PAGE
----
Fun with Open Data and Excel: Edmonton’s Busiest Streets

Today the City of Edmonton added a new dataset to the open data catalogue – average daily street traffic volumes from 2004-2009. Here’s the description:

Include traffic counts obtained with automatic traffic recorders over the past six years. The volume shown is a total of all vehicles in both directions, over a 24 hour period, for a typical weekday in a year. Volumes shown as a dash "-" indicate no count was undertaken that year. Seasonal adjustments are made to reflect an average weekday during the year. An increase or decrease in volume does not necessarily indicate a trend for a given roadway. Road construction or the introduction of more advanced equipment in 2009 affect the traffic volume numbers.

I’d like to build something interesting with this data, perhaps as part of a future ShareEdmonton release. But to start, I decided to open the data up in Microsoft Excel, something I often do with new datasets. Here’s what I discovered.

First, a few summary points:

  • There are 1496 street locations in the dataset.
  • Of those, 823 were counted in 2009. The year with the most counted locations was 2006, at 1076. Just 32 locations were counted every year (2004-2009). There were 531 locations counted in three years or more.
  • One of the first things I noticed is that every count ends in zero. I know the description outlines that the data is an average, adjusted seasonally, and perhaps for other reasons, but I wonder how close to reality the numbers really are.

Looking at 2009 simply because it is the most recent, there’s a hint of a long tail for the counted locations:

Here are the 200 busiest locations in Edmonton according to the 2009 count:

To create that map, I used a free utility called Excel to KML. There are all kinds of useful free KML tools online!

Here are the top ten busiest locations in Edmonton, according to the 2009 count:

  1. Calgary Trail SW North of Gateway Park Road SW
  2. Capilano Bridge
  3. 178 Street South of 81 Avenue
  4. Highway 216 NE North of Sherwood Park Freeway NE
  5. Anthony Henday Drive North of  87 Avenue
  6. HIghway 216 NE North of Baseline Road NE
  7. Anthony Henday Drive West of Calgary Trail
  8. 170 Street North of  95 Avenue
  9. Groat Road North of Victoria Park Road
  10. Highway 216 NE North of Whitemud Drive NE

Some of those are expected, some perhaps not. I decided to look at locations that were counted in at least three different years. If you look at the average daily volumes for that subset, here are the top ten busiest locations in Edmonton:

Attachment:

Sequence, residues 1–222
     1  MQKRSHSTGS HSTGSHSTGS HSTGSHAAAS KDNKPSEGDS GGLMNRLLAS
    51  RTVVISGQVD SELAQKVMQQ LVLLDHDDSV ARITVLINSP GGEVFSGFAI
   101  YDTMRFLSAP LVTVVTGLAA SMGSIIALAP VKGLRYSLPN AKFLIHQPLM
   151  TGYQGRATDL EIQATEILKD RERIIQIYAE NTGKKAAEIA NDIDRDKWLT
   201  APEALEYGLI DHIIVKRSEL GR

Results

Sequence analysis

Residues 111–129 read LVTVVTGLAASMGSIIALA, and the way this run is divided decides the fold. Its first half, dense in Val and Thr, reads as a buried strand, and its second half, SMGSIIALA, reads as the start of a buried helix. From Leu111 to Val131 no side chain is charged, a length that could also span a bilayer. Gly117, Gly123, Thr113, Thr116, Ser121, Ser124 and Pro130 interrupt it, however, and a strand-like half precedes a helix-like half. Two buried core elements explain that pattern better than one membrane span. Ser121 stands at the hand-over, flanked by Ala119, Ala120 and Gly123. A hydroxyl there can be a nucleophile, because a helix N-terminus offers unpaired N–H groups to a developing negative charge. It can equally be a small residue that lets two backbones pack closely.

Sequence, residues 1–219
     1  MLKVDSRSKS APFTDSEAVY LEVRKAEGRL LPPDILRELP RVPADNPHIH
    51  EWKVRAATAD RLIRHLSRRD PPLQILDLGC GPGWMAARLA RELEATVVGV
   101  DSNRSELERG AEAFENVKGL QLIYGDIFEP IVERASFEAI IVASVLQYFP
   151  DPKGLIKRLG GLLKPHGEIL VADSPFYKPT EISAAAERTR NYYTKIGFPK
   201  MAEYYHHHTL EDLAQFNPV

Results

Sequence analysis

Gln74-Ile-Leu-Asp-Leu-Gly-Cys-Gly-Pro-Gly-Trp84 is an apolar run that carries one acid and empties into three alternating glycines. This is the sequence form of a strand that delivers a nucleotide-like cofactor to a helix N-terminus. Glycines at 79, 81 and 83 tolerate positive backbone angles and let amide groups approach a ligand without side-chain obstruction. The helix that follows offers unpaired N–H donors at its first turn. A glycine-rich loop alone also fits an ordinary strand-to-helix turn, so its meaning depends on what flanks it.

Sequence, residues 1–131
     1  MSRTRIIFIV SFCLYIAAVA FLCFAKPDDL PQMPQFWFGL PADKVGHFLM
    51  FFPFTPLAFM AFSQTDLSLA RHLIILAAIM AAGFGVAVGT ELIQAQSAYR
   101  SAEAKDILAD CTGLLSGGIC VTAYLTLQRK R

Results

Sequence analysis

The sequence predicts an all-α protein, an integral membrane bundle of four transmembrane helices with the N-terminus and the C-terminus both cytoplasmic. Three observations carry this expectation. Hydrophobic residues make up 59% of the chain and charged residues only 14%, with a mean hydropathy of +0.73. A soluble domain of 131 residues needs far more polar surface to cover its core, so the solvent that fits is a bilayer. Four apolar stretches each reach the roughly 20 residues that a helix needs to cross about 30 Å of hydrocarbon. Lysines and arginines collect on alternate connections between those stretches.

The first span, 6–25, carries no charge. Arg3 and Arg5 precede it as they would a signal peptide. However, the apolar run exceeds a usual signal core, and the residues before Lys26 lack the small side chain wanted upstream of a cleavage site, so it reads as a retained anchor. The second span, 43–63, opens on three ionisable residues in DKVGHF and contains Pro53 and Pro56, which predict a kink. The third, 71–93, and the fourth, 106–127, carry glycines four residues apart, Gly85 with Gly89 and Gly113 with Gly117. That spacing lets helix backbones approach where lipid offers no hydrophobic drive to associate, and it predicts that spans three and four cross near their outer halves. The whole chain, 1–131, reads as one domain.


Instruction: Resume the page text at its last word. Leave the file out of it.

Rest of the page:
1. Quesnell Bridge
  2. Yellowhead Trail West of 231 Street
  3. Calgary Trail SW North of Gateway Park Road SW
  4. Capilano Bridge
  5. Whitemud Drive West of 149 Street
  6. Yellowhead Trail West of Fort Road
  7. Cloverbar Bridge
  8. Yellowhead Trail West of  97 Street
  9. Yellowhead Trail West of 107 Street
  10. Yellowhead Trail West of 127 Street

Plotting the top 25 on a map gives a better sense of the really busy roads – Yellowhead Trail and Whitemud Drive:

Interesting, isn’t it? Of course, it could get a lot more interesting with some mashups. I’d love to have collision data for the City of Edmonton, to see how closely the number of collisions is correlated with traffic volumes. That’s just one example.

Check out the new dataset in the open data catalogue. If you do something interesting with it, I’d love to hear about it!

5 thoughts on “Fun with Open Data and Excel: Edmonton’s Busiest Streets

  1. Collision data is collected by the city but ultimately its release is governed by the province. The Traffic Safety Act prohibits the release of collision information in a manner that would make it easy or interesting to mash up. However, there is an upcoming annual report of collisions that will feature a more data-friendly release. Look for it in March.

  2. Hey Mac, planning student here from four years into the future. Just wondering if you still have that data, or if you know anything about the city releasing up to date traffic data in their new open data catalogue. Cheers

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